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It started as a joke last fall. Every Coyotes fan has heard it.
Did you hear the latest about the Yotes? They’re playing in a 5,000-seat college rink. At least it can hold all of their fans.
The joke was recycled so much over the following months by unwittingly unimaginative people that it lost all effect and humor.
Then word got out from visiting players that the ice surface, the dressing room in the annex, and the boards at Mullett Arena were among the best and fastest in the NHL.
Word got out that the atmosphere was so cool that visiting teams started taking corporate sponsors on trips to Arizona to experience Mullett’s unique vibe.
And then the strangest thing of all occurred. The Coyotes started winning at Mullett; winning a lot, despite a roster that numerous national analysts labeled as one of the worst constructed teams in the salary cap-era. Even after GM Bill Armstrong shipped five key veterans out at the March 3 trade deadline, the Coyotes took one game to turn the page before rattling off this current five-game point streak that includes three straight wins at home.
Mullett Arena has become a genuine home-ice advantage.
“Coming in here at the start was a little different and we didn’t really know what to expect with the locker room, the fans and things like that,” forward Clayton Keller said Sunday after the Coyotes rallied from a two-goal deficit to beat the Minnesota Wild 5-4 in overtime. “I think we have just done a good job of playing hard at home. It’s something that we just want to carry down the stretch.”
Minnesota was 10-0-2 in its previous 12 games and had been 25-0-1 when leading after two periods, but the Coyotes did to the Wild what they have done to a litany of elite teams. Here’s a sampling of Mullett Arena victims.
|Date||Opponent||Current record||Current standing|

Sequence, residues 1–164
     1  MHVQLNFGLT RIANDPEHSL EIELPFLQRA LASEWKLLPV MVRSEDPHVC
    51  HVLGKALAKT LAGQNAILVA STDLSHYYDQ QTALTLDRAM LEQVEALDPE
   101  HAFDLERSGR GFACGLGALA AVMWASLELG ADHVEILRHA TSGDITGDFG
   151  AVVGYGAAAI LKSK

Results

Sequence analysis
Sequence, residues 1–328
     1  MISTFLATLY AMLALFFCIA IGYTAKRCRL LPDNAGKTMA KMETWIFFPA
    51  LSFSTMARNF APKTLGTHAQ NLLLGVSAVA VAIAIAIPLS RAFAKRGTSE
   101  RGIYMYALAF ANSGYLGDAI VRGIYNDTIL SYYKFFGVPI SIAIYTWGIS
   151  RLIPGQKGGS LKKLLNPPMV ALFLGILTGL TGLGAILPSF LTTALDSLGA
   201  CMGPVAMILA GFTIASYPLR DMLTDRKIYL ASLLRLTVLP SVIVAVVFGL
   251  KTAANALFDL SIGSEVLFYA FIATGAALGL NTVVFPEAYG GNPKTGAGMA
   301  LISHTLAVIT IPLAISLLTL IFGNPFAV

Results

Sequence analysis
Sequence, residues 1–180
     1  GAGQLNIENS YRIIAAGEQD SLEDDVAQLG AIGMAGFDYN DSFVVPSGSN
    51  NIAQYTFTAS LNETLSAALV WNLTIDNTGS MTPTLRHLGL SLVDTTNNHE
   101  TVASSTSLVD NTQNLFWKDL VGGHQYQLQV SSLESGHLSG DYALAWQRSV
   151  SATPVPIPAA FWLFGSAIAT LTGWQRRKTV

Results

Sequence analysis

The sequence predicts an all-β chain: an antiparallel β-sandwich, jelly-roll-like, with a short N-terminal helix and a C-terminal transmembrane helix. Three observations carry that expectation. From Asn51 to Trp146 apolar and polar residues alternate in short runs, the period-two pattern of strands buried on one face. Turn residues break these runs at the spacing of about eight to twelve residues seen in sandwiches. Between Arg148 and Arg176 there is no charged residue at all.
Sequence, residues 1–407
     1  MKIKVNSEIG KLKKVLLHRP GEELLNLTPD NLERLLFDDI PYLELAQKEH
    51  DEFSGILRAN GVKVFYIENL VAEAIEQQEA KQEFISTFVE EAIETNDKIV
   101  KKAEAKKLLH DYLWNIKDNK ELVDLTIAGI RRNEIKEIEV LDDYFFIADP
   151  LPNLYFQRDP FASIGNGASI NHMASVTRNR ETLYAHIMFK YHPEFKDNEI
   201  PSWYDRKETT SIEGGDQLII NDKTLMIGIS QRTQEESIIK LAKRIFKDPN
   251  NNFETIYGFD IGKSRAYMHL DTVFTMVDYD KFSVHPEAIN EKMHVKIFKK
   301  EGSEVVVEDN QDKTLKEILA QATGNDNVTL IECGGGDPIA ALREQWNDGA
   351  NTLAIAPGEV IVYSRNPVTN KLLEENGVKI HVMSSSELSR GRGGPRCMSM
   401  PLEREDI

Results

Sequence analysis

|Nov. 1||Florida||33-27-7||4th, Atlantic|
|Dec. 9||Boston||50-10-5||1st, NHL|
|Dec. 16||NY Islanders||34-26-8||2nd EC wild card|
|Dec. 23||Los Angeles||38-20-9||2nd, Pacific|
|Dec. 27||Colorado||36-22-6||2nd WC wild card|
|Dec. 29||Toronto||40-17-8||2nd, Atlantic|
|Jan. 22||Vegas||41-20-6||1st, Pacific|
|Feb. 6||Minnesota||38-21-8||2nd, Central|
|Feb. 15||Tampa Bay||39-22-6||3rd, Atlantic|
|March 12||Minnesota||38-21-8||2nd, Central|
There are multiple theories about why the Coyotes have had success at Mullett. Some players have suggested that the tight confines create a significant visual and mental adjustment for visiting teams that are coming from the NHL’s otherwise cavernous arenas.
“It feels smaller, for sure,” forward Brett Ritchie said after his Coyotes debut on March 9 in a 4-1 win against Nashville. “Not as high of a ceiling. I don’t know what it is. It feels just scrunched in, almost like a junior rink but I think it’s definitely an advantage for the home team.”
Others have suggested that the same effect that sometimes plays out in Las Vegas (the so-called Vegas Flu) is taking place in Arizona. Call it The Old Town Overdose. Now that teams are able to stay near nightlife-rich Scottsdale and Tempe, instead of largely barren Glendale, players are taking advantage of that fact and may not be as focused or physically prepared for the games. We’re not sure about this one, but Alexander Radulov and Andrei Kostitsyn would be good starting points for research.
Here’s another theory that should probably get more attention. Maybe the Coyotes are just that good at Mullett. After rallying against the Wild, Arizona is 17-11-3 at home. To put that in perspective, Arizona has more home wins than nine Western Conference teams and is tied with the Winnipeg Jets and Dallas Stars.
And because they played 20 of their first 24 games this season on the road, the Coyotes still have more home games remaining (10) than any Western Conference team except the Nashville Predators.
The most home wins that the Coyotes have ever recorded in a season is 29, during that improbable 2009-10 season. This season’s team won’t achieve that mark, but based on its current trajectory, it is on pace to win 22 games (22.48 to be exact). That would tie it with three other teams (including the 2011-12 Western Conference finalist) for the fifth-most home wins in Coyotes history.
With one additional win, this season’s team could move into a three-way tie for the third-most wins in Arizona franchise history.
These are not the results of which tanking is made. “I wouldn’t say we had this kind of home-ice advantage last year,” forward Travis Boyd said after a 6-2 win against the St. Louis Blues on March 7. “Everybody early in the season was making jokes and everything about it, but I think at the end of the day, it’s a tough place to come in and play. I think our record speaks to that.
“We’re excited that we’re home for a lot of this stretch run. Hopefully, we can continue to play like we did tonight. Why not get on a streak? Let’s screw some teams up that are trying to make the playoffs.”
Top photo of Mullett Arena fans via Getty Images
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